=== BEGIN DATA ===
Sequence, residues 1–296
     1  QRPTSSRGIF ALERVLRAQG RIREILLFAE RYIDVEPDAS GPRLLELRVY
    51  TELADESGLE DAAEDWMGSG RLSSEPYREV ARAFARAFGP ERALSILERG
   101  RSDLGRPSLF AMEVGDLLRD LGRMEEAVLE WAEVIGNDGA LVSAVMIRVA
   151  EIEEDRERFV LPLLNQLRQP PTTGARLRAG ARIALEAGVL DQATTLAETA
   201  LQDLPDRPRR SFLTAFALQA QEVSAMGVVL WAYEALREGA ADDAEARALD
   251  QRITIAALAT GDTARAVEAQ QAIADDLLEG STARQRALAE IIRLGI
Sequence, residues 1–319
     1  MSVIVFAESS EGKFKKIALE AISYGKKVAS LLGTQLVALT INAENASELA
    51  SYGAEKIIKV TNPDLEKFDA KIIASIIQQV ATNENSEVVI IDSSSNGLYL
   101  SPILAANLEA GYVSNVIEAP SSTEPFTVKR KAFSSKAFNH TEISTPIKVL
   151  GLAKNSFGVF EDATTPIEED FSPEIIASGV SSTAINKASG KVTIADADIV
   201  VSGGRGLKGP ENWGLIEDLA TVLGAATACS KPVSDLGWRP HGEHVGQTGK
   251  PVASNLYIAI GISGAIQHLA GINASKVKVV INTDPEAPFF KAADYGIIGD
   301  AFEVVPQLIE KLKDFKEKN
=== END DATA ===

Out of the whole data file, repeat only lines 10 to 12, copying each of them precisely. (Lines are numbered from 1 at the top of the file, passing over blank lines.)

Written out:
    51  SYGAEKIIKV TNPDLEKFDA KIIASIIQQV ATNENSEVVI IDSSSNGLYL
   101  SPILAANLEA GYVSNVIEAP SSTEPFTVKR KAFSSKAFNH TEISTPIKVL
   151  GLAKNSFGVF EDATTPIEED FSPEIIASGV SSTAINKASG KVTIADADIV